Difference in testing methods???

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Regular Member

Date Joined Jan 2009
Total Posts : 153
   Posted 5/21/2009 10:12 AM (GMT -7)   
Is there a difference in readings between a home finger prick test and a blood test done at the lab.  For example..would a finger prick test at home of 150 also read a 150 with a blood draw at a lab? 
Diagnosed Friday, February 13, 2009
Colazal 3 tabs 3X daily
Prednisone 40 mg since 3/4/09
Zantac 1 tab 2X daily

Lanie G
Forum Moderator

Date Joined Nov 2006
Total Posts : 5977
   Posted 5/21/2009 10:43 AM (GMT -7)   
Maybe, maybe not.  Once I took my meter with me to an app't when I knew they'd be doing lab work for my fasting as part of my physical exam.  On that day, the lab result came out the same as on my meter but it's the only time I've done it.  I have 4 (yes, 4) meters here, 3 of which use the same test strips and when I use all 3 at the same time, I'll get readings that are anywhere from a few points different to sometimes 20 between the highest and lowest.  I presume the lab would be more accurate of course but it's hard to say how accurate our own personal meters are each time.

forum moderator - diabetes
diabetes controlled so far by low/no carb diet and exercise; no meds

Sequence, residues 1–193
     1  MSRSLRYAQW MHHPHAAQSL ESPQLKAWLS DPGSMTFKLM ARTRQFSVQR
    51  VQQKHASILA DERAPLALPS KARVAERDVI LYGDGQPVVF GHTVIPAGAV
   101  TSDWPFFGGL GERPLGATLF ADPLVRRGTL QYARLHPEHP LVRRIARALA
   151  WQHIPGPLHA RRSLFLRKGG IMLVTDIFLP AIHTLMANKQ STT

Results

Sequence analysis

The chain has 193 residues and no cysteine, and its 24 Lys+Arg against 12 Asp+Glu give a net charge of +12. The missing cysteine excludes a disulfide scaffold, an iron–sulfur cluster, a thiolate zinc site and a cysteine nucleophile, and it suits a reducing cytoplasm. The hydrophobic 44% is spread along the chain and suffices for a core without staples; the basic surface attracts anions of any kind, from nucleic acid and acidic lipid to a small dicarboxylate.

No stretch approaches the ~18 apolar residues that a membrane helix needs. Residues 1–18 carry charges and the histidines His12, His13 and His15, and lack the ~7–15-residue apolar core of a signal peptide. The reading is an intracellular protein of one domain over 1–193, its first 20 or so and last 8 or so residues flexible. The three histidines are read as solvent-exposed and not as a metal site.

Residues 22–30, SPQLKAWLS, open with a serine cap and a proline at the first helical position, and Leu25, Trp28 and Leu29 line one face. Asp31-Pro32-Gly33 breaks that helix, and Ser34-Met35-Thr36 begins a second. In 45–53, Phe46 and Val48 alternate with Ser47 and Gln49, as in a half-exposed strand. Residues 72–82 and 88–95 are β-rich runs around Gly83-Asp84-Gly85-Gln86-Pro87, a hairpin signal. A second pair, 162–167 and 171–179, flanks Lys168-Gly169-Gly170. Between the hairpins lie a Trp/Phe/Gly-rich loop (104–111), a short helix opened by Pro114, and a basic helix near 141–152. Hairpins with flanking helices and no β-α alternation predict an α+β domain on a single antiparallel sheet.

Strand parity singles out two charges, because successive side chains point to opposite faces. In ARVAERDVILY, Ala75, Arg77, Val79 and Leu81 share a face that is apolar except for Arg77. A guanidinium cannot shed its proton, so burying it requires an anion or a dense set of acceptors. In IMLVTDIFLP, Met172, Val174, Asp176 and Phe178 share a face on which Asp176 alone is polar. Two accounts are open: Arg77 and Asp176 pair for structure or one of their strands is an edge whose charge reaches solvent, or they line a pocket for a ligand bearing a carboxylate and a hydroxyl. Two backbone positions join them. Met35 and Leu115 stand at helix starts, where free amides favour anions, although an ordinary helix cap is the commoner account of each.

Veteran Member

Date Joined May 2006
Total Posts : 547
   Posted 5/21/2009 11:04 AM (GMT -7)   
A blood draw done by the lab will always be considered more accurate simply because it draws directly from the vein. Our finger tests are a bit less accurate than the veinous blood draw because of exposure to air and interstitial fluid (ISF) considerations (not to mention potential contaminants on the skin). That being said however, manufacturers follow the same standards of accuracy with meters/test strips - a reading has to fall within an accepted deviation. Testing every meter on the market at the same time could result in slightly different results but all should fall within an accurate range.

Sometimes meters can read differently for different reasons, too: batteries run low, strips not calibrated, hands not clean, specimen amount not sufficient, and more. A good way to test your meter's accuracy is to test with it when you get a blood draw and ensure that the results are close (within the 15% or so allowed deviation) of the lab's.
- Phishbowl (Type 1 since Jan'05 - Levemir, NovoRapid)
"What's Not Measured Is Not Managed"

"It is impossible for a man to learn what he thinks he already knows"-Epictetus

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